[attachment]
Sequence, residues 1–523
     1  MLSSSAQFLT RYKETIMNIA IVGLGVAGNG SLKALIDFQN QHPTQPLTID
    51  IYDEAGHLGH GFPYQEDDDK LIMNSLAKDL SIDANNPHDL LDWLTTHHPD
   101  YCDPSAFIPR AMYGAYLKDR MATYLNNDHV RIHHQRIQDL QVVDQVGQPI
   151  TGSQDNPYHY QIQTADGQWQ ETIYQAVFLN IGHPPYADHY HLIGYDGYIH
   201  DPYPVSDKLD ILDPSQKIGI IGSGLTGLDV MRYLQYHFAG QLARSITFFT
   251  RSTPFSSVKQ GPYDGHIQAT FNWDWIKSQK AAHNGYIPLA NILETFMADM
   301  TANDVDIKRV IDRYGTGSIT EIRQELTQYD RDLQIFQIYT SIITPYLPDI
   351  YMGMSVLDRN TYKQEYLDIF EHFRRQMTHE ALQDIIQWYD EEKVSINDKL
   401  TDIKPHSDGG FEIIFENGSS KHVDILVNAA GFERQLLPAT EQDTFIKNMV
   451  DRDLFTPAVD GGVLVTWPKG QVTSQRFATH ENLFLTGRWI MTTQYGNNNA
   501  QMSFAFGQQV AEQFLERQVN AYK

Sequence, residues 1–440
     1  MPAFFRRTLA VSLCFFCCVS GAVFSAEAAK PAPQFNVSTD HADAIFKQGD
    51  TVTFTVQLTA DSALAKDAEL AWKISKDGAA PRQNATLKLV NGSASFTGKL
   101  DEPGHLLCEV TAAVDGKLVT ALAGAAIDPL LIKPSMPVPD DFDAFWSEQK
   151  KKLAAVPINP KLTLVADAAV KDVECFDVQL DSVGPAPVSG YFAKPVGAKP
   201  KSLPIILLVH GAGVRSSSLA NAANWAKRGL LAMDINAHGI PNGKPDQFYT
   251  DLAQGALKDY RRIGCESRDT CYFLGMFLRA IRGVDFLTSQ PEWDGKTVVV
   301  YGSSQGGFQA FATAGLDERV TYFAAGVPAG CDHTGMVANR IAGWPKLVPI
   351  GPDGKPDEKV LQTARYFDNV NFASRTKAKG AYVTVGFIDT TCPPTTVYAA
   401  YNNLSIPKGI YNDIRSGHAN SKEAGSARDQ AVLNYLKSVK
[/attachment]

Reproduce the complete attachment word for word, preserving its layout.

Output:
Sequence, residues 1–523
     1  MLSSSAQFLT RYKETIMNIA IVGLGVAGNG SLKALIDFQN QHPTQPLTID
    51  IYDEAGHLGH GFPYQEDDDK LIMNSLAKDL SIDANNPHDL LDWLTTHHPD
   101  YCDPSAFIPR AMYGAYLKDR MATYLNNDHV RIHHQRIQDL QVVDQVGQPI
   151  TGSQDNPYHY QIQTADGQWQ ETIYQAVFLN IGHPPYADHY HLIGYDGYIH
   201  DPYPVSDKLD ILDPSQKIGI IGSGLTGLDV MRYLQYHFAG QLARSITFFT
   251  RSTPFSSVKQ GPYDGHIQAT FNWDWIKSQK AAHNGYIPLA NILETFMADM
   301  TANDVDIKRV IDRYGTGSIT EIRQELTQYD RDLQIFQIYT SIITPYLPDI
   351  YMGMSVLDRN TYKQEYLDIF EHFRRQMTHE ALQDIIQWYD EEKVSINDKL
   401  TDIKPHSDGG FEIIFENGSS KHVDILVNAA GFERQLLPAT EQDTFIKNMV
   451  DRDLFTPAVD GGVLVTWPKG QVTSQRFATH ENLFLTGRWI MTTQYGNNNA
   501  QMSFAFGQQV AEQFLERQVN AYK

Sequence, residues 1–440
     1  MPAFFRRTLA VSLCFFCCVS GAVFSAEAAK PAPQFNVSTD HADAIFKQGD
    51  TVTFTVQLTA DSALAKDAEL AWKISKDGAA PRQNATLKLV NGSASFTGKL
   101  DEPGHLLCEV TAAVDGKLVT ALAGAAIDPL LIKPSMPVPD DFDAFWSEQK
   151  KKLAAVPINP KLTLVADAAV KDVECFDVQL DSVGPAPVSG YFAKPVGAKP
   201  KSLPIILLVH GAGVRSSSLA NAANWAKRGL LAMDINAHGI PNGKPDQFYT
   251  DLAQGALKDY RRIGCESRDT CYFLGMFLRA IRGVDFLTSQ PEWDGKTVVV
   301  YGSSQGGFQA FATAGLDERV TYFAAGVPAG CDHTGMVANR IAGWPKLVPI
   351  GPDGKPDEKV LQTARYFDNV NFASRTKAKG AYVTVGFIDT TCPPTTVYAA
   401  YNNLSIPKGI YNDIRSGHAN SKEAGSARDQ AVLNYLKSVK